Loss of bone density with inhaled triamcinoline in lung health study II

Paul D. Scanlon, John E. Connett, Robert A. Wise, Donald P. Tashkin, Thelma Madhok, Melissa Skeans, Paul C. Carpenter, William C. Bailey, A. Sonia Buist, Michael Eichenhorn, Richard E. Kanner, Gail Weinmann

Research output: Contribution to journalArticlepeer-review

99 Scopus citations


Inhaled glucocorticosteroids (ICS) are commonly prescribed for chronic obstructive pulmonary disease. No adverse effect on bone mineral density (BMD) has been proven. In a randomized double-blind, placebo-controlled trial at seven centers in North America, we recruited 412 current smokers or recent quitters with mild to moderate chronic obstructive pulmonary disease. They used inhaled triamcinolone acetonide, 600 mcg, or placebo, twice daily. We measured femoral neck and lumbar spine BMD at baseline and after 1 and 3 years, and serum osteocalcin at baseline, 3 months, 1 year, and 3 years. After 3 years, BMD at the femoral neck decreased 1.78% more with ICS than with placebo (p < 0.001). More participants in the ICS group experienced 6% or more loss of femoral neck BMD (p = 0.002). Lumbar spine BMD increased in the placebo group by 0.98% but decreased by 0.35% in the ICS group (a difference of 1.33%, p = 0.007). Changes in osteocalcin did not correlate with changes in BMD. Fractures, lost height, or osteoporosis diagnoses were not increased among ICS users compared with placebo users. In summary, the use of inhaled triamcinolone acetonide was associated with loss of BMD at the femoral neck and lumbar spine after 3 years of treatment.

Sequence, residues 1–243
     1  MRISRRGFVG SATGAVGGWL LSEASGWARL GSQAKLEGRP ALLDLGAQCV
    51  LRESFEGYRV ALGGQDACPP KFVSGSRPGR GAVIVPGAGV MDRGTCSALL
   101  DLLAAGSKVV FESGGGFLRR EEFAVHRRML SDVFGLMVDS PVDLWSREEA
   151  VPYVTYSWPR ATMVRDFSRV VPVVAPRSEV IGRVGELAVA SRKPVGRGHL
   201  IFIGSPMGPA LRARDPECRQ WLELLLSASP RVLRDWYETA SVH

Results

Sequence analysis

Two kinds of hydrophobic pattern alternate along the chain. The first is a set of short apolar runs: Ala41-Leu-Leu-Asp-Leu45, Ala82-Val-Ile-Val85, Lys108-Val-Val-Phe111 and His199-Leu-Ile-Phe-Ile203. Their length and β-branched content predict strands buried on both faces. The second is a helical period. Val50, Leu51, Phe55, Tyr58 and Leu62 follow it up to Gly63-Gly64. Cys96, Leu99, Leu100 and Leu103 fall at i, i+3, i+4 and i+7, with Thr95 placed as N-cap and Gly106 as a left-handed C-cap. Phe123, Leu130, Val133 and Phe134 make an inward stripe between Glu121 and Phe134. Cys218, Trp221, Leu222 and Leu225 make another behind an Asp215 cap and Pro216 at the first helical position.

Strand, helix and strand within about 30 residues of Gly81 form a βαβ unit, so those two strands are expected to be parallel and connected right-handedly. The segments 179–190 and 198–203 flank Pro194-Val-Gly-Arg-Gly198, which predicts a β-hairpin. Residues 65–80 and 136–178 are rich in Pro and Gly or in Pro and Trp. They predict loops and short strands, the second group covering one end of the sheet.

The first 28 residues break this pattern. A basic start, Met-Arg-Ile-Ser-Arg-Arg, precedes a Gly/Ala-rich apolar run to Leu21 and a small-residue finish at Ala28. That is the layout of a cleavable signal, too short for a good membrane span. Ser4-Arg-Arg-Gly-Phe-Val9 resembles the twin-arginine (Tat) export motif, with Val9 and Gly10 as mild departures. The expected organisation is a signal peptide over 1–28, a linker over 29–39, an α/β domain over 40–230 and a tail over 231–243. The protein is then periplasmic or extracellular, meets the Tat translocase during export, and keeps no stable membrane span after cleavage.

Original languageEnglish (US)
Pages (from-to)1302-1309
Number of pages8
JournalAmerican journal of respiratory and critical care medicine
Issue number12
StatePublished - Dec 15 2004


  • Bone density
  • Obstructive lung diseases
  • Osteoporosis
  • Randomized controlled trials
  • Triamcinolone acetonide


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